Also at the Palace Court during that week George Harrison wrote Don’t Bother Me, his first song for The Beatles, holed up in his hotel room suffering a heavy cold.
Having left Bournemouth, happily swapping their rock ‘n’ roll credentials for the trappings of international stardom The Beatles embarked upon the path that was to bring them far more then they could ever have dreamed of.
By the time they came back to Bournemouth, to play the Winter Gardens in November, the die was well and truly cast.
The screaming audiences that night were beset by the demands of American television as reporter Alexander Kendrick directed camera crews that lead to the three major networks – CBS, NBC and ABC – showing footage of The Beatles live at the Winter Gardens. It was the first time America had seen The Beatles.
Having subsequently toured the States and watched the spark of Beatlemania turn into a raging fireball, nine months later The Beatles were major international stars and back in Bournemouth for a one-off show at the Gaumont in preparation for a European tour.
The two shows of 2 August 1964 were fairly typical of Beatles shows of that time. A couple of breaking acts were named as support and the compere would wind up the audience of expectant Beatlemaniacs so that by the time the boys hit the stage expectation was at fever pitch.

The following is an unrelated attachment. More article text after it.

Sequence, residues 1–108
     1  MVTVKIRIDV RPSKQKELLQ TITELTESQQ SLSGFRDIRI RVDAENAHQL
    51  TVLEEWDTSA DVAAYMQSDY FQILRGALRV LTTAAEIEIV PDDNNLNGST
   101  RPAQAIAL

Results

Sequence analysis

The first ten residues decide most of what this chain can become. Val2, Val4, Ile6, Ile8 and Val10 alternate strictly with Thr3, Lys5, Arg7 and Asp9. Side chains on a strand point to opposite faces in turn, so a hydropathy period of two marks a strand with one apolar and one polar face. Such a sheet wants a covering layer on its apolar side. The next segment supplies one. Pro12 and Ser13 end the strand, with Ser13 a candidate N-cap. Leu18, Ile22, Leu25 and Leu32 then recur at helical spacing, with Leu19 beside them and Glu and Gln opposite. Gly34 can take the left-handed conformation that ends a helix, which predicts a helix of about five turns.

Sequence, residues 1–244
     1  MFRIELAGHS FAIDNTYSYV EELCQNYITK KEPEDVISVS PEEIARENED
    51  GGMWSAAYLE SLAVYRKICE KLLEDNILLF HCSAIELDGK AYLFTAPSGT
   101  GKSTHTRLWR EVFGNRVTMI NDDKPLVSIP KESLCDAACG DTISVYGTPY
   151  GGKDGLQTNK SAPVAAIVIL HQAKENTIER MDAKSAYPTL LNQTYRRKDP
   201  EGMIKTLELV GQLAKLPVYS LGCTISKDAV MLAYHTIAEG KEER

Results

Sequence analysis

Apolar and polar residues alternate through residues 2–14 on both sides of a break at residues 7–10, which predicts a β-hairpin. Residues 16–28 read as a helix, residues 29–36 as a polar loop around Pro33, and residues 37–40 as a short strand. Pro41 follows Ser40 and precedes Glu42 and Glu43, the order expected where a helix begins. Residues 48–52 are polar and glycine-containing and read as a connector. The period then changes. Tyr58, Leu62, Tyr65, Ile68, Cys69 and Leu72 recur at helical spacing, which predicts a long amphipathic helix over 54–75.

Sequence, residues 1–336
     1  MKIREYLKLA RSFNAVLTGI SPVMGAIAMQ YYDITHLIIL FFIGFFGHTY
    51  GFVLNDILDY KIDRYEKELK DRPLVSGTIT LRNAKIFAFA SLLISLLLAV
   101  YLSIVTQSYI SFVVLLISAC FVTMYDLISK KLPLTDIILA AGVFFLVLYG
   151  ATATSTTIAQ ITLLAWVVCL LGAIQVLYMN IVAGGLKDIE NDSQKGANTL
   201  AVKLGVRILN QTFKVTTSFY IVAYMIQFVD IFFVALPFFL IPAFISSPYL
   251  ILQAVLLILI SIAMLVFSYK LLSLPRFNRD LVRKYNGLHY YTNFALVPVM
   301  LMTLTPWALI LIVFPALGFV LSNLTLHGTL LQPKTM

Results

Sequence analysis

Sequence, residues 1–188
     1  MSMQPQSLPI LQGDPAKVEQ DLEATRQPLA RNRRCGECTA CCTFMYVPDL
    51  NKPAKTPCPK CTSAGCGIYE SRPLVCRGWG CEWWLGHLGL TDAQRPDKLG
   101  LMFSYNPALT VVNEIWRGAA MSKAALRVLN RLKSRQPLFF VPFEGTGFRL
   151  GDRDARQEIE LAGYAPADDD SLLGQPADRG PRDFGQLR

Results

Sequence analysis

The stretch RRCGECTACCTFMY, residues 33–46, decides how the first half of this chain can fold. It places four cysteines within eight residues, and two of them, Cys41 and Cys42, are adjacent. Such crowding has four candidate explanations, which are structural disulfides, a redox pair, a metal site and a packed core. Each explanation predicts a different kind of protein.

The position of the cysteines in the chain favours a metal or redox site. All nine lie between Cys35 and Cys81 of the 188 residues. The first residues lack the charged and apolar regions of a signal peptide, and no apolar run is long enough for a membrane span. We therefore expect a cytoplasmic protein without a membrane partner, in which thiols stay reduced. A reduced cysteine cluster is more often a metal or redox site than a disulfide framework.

It was into this hotbed of old fashioned variety show tactics that one of the young support bands that night was thrown. The Kinks had a couple of failed singles behind them, but their third release – You Really Got Me – had started to make an impression on the charts. Billed to open the second half of the show, directly before The Beatles came on, Kinks singer Ray Davies has recounted how John and Paul, but particularly John, appeared backstage behind the Gaumont curtain to irritate the nervous upstarts, resplendent in their new stage gear of bright red riding jackets.
The Beatles’ final Bournemouth shows, in October 1964, were part of a UK tour that saw them fly the flag for the music of black America that had influenced the songwriting of Lennon and McCartney from the earliest days.
Principal support act Mary Wells became the first Motown act to perform in the UK and the first female singer to open for The Beatles. Red hot from her biggest hit, My Guy, Mary Wells was named as The Beatles’ favourite American singer. Ironically though she was in major dispute with Motown, affording her time to tour with The Beatles, but effectively ending her Motown career.